By Linda Commito
Even if you are not typically a TV watcher, it would be hard to ignore the plethora of reality programs, showcasing ordinary people who are making their voices heard, hoping to become stars. I will confess that I love to see these contestants, some as young as 13, step outside of their comfort zone, gain confidence and sing their hearts out to millions of people.
What I find fascinating is the totally different styles of two of the top shows: The Voice vs. The X Factor. The judges on The Voice are supportive and encouraging of each of the contestants, whether they are on their team or not. They are playful, humorous, compassionate and engaging with the audience, the contestants, and with each other. Interspersed with frequent individual and group hugs, we get the feeling that we’re all part of a loving “family.”
The interactions of the judges on The X Factor on the other hand, headed by Simon Cowell, are oftentimes strained and antagonistic, especially when Simon tells one of the women to “shut up” whenever they give feedback that he doesn’t like. I feel like I’m watching a dysfunctional family as they talk over each other to try to get their point made. And pity the poor contestants that Simon doesn’t approve of, like the singer who was near tears when he was told, “You are a hamster and will always be one.”
Really, is it necessary to put someone down when they have the courage to try their best?
Simon instructs The X Factor contestants, “You’re here to kill the competition,” a marked contrast to the contestants on The Voice, who support each other and hold hands when they are ready to hear the results of the voting and then hug each other, whether they are the winners or are comforting to those who will be leaving.
I was sharing these observations with my friend Jessie Williams and she commented,
“It’s the chimps vs. bonobos!”
I laughed at the accurate assessment based on Jessie’s studies of bonobos, our closest living relative. She came up with innumerable comparisons:
“Chimps are male dominated, and use aggression, hostility, and intimidation to gain power and control over others. Bonobos are matriarchal in their social structure and utilize cooperation and positive interactions to maintain social networks with little aggression. They are highly empathetic.”
Is it any wonder that the ratings of The Voice far exceed X Factor?
It is an interesting microcosm in our world today of what is working and what isn’t.
Those corporations and governments that are of the old world order – dominant, controlling, ego driven – are finding that they are out of step, even if they still maintain a semblance of power.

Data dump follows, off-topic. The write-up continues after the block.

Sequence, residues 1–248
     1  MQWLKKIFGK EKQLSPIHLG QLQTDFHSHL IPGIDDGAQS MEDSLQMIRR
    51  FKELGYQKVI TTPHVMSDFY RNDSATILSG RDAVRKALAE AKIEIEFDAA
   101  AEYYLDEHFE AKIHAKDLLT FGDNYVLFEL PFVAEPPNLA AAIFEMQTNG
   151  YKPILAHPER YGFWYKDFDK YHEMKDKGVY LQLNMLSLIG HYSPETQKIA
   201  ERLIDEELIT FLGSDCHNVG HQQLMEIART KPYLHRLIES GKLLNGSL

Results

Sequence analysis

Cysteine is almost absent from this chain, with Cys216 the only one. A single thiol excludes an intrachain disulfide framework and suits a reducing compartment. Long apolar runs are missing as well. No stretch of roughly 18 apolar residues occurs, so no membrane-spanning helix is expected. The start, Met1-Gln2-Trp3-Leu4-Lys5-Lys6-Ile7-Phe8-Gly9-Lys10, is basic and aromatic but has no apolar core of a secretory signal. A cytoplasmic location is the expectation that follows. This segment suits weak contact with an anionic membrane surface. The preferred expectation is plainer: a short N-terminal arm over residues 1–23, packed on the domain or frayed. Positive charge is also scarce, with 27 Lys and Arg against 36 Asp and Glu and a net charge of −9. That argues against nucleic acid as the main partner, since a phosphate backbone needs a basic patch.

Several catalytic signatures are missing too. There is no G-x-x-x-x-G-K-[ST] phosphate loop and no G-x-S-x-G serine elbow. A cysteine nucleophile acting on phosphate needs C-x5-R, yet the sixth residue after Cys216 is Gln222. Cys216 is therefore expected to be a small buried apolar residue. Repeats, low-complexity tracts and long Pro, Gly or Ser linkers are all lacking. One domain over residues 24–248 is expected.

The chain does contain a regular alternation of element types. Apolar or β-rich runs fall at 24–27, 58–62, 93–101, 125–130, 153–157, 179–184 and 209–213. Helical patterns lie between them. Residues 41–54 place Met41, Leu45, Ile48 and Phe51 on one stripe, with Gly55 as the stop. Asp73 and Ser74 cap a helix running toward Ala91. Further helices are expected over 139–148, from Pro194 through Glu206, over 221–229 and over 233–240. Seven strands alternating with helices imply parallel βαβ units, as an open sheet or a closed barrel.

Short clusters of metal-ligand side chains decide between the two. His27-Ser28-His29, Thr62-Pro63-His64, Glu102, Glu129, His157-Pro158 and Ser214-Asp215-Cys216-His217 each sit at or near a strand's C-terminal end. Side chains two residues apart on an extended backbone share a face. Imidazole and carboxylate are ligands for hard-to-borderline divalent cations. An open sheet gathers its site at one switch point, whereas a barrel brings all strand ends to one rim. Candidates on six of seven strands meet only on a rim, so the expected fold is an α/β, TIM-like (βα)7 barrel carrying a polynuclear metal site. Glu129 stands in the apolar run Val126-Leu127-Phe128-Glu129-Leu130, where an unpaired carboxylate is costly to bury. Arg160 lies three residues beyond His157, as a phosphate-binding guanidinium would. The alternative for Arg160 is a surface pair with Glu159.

What is successful today, or at least what we are hopefully evolving to, is a spirit of collaboration, communication, and community.
In a society that is stuck in the chimp mentality, we are finding that it doesn’t serve the majority, it doesn’t make us feel part of a tribe, and certainly doesn’t inspire us to be all that we can be and to contribute to the well-being of the whole.
As humans, we love to watch what some believe to be our ancestors, sharing 98 percent of our DNA. Maybe we can learn a thing or two from the bonobos. What if we could create a world that was loving, cooperative, playful and fun? Taking it a step forward, what if we could celebrate the successes of others, regardless of what we stand to gain or lose, because it ultimately benefits everyone?
Whether I am tuning into a reality show or into real life interactions, I am applauding the real winners—the people who have the gumption to get up on stage and to sing or to speak out for all they’re worth—who are trying to create a better world and are supportive of each other in being the best that they can be. Just witnessing their evolvement and success makes us all feel like winners!
Linda Commito, author, speaker, entrepreneur, consultant and teacher, is passionate about her vision to leave this world a kinder, more loving and interconnected place. Her award-winning book of inspirational stories, Love is the New Currency, demonstrates how we can each make an extraordinary difference in the lives of others through simple acts of love and kindness. She recently volunteered at a Title One elementary school in Sarasota, FL, working with more than 500 students to create and facilitate the “Kindness Starts With Me” program. Please visit www.loveisthenewcurrency.com for more information and/or to sign up for an uplifting monthly newsletter.